Sheila Kirton, a Caltrans construction site inspector and engineer, Thursday stood on Highway 26 in Calaveras County next to a 25-foot-high eroded slope of unstable red dirt looming above snow-speckled frozen mud, rocks and boulders crowding the narrow mountain watershed roadway.
“We had four inches of rain in an hour up here a week ago,” Kirton said. “That brought down tons of material on the road, and undermined paved roadway surfaces on the downhill side.”
Kirton was talking about what Caltrans District 10 staff are calling the “Valentine’s Day Deluge” that swamped Calaveras County on Feb. 14. A line of heavy thunderstorms laden with moisture marched across west Tuolumne County and into central Calaveras County and dumped intense rains for several hours, said Idamis Del Valle with the National Weather Service.
A 2.5-mile-long section of Highway 26 is closed about 10 miles east of Mokelumne Hill until at least early March for emergency assessments and repairs, and geotechnical engineers were out there Thursday trying to figure out what steps need to be taken to make the road safe for the public again.
“It looks like two to three weeks for the hard closure, to stabilize slopes and make it safe enough to open one lane,” Warren Alford, a Caltrans District 10 public information officer, said shortly after 1 p.m. Thursday at the west end of the closure at Deardorff Road about 2.5 miles east of Glencoe. “We want to get it open for one-way traffic controls as soon as possible. We don’t know how long one-way traffic controls will be necessary.”
All timetables for completing the project and reopening the road are contingent on weather. It’s been snowing on workers on the Highway 26 closures almost every day this week, Alford said. Another heavy rainstorm could cause even more problems. Slow-moving atmospheric river storms like the one that pounded the Mother Lode are capable of dumping enormous amounts of rainfall in short periods of time.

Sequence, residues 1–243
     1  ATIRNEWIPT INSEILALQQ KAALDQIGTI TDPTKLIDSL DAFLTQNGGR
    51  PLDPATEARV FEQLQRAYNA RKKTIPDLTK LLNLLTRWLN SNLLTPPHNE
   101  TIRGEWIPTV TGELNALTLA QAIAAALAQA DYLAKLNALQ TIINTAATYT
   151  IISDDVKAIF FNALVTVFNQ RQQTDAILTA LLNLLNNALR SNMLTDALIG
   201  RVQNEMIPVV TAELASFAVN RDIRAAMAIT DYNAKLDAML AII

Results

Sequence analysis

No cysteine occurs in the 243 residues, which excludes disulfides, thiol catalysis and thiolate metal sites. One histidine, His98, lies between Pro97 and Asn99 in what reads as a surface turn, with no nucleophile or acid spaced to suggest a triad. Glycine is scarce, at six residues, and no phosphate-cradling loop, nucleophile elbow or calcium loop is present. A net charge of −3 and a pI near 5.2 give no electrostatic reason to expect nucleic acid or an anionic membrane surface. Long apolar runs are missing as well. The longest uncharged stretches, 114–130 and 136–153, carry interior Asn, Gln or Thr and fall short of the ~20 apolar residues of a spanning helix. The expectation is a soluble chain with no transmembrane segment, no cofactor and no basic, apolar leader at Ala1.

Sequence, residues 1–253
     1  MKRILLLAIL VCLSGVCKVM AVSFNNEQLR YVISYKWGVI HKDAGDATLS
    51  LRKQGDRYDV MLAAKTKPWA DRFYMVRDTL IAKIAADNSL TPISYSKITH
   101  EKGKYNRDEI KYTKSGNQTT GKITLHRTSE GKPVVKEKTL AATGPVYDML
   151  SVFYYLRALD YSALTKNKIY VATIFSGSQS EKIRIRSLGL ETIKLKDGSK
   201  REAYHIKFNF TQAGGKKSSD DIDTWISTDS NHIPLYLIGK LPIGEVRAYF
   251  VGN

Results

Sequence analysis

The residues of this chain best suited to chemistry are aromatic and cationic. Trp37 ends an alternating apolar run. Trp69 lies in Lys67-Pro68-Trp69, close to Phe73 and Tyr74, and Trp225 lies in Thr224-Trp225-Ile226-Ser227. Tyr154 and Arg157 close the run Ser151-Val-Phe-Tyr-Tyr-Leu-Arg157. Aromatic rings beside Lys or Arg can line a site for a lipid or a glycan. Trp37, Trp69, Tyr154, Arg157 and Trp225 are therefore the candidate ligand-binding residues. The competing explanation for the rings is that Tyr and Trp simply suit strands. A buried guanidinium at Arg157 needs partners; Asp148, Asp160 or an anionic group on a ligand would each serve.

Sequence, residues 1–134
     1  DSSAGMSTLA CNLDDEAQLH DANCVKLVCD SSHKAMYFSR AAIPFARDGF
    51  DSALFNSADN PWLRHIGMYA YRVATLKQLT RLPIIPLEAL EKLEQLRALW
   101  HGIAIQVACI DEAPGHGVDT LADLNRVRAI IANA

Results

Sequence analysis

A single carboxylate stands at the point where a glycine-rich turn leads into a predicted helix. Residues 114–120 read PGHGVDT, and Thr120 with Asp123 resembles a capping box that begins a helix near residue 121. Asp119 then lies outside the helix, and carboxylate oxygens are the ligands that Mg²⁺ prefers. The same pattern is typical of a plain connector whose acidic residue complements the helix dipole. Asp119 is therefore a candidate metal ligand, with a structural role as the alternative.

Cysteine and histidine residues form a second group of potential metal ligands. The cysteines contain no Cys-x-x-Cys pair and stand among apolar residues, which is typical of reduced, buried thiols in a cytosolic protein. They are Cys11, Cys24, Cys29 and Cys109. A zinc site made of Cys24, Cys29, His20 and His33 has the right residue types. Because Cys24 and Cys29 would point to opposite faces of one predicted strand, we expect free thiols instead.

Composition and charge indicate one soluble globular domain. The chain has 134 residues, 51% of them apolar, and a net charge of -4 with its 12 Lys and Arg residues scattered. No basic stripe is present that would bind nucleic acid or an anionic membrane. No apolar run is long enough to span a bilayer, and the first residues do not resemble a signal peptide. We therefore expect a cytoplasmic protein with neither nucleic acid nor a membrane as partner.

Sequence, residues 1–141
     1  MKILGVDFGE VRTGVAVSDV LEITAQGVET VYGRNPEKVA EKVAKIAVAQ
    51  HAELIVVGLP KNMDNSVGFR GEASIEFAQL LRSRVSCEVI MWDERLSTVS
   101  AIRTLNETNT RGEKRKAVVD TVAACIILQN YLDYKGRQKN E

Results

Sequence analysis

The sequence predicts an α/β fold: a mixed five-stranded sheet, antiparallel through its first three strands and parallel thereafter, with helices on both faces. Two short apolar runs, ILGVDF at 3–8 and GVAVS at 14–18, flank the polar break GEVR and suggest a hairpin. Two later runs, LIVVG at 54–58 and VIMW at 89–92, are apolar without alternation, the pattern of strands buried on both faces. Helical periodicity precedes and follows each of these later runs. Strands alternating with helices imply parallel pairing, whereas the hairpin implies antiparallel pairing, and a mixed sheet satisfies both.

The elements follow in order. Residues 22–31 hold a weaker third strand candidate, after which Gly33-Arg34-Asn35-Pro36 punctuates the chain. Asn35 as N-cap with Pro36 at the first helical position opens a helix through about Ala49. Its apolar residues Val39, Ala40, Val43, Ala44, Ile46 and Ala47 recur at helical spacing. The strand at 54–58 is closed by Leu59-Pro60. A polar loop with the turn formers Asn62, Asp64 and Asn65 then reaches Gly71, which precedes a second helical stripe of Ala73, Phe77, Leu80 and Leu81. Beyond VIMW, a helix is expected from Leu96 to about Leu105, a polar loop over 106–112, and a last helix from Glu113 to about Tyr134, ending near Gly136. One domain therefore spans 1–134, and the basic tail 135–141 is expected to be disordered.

The east end of the closure on Highway 26 is Woodhouse Mine Road. The section of road that is closed includes the Highway 26 bridge over the South Fork Mokelumne River.
Issues the Caltrans engineers are trying to deal with include steep, destabilized slopes on the uphill sides of Highway 26, blocked drainage culverts intended to carry runoff under the road, and undermined road surfaces and supporting slopes on downhill sides of the road.
The area most hard-hit on Highway 26 is not within the 110-square-mile 2015 Butte Fire scar, Kirton said. Postfire erosion was not a factor in the damage to Highway 26. Rainfall intensities approaching 4 inches per hour were enough by themselves to loosen and mobilize tons of mud, rocks and trees during the Valentine’s Day storm. The roadway on the closed section of Highway 26 was severely eroded due to the massive amount of water from the storm event Feb. 14 and must be fully repaired before re-opening, Alford said.
Kirton stood next to one section of Highway 26 where a lip of exposed paved road surface is now undermined and resting on thin air, emphasizing the road is not safe for the public. She pointed at plastic pipes below and said they are exposed Volcano Communications conduit lines that carry phone, fiber optic and internet service to local residents. The lines are undamaged and still providing service, but work must be done to secure and stabilize those lines, Kirton said.
The closure on Highway 26 is expected to be long-term in order to repair damage from multiple washouts that damaged the roadway, Alford said. An estimated date of completion for repairs and restoration work has not been determined.
Caltrans Distrtict 10 crews have cleared some drains and made some repairs at multiple locations on Highway, while other crews continue keeping constant watch on other state roads in Calaveras and Tuolumne counties impacted by last week’s storm, Alford said. Highway 26 is just one of the problem area Caltrans District 10 crews are dealing with.
More storms are on the way this weekend, but forecasters say primary storm impacts will be north of Interstate 80 and the Mother Lode. There’s potential for more warmer rainstorms Monday, Tuesday and Wednesday next week in Calaveras and Tuolumne counties, as well as Friday and Saturday next week.
Contact Guy McCarthy at firstname.lastname@example.org or 588-4585. Follow him on Twitter at @GuyMcCarthy.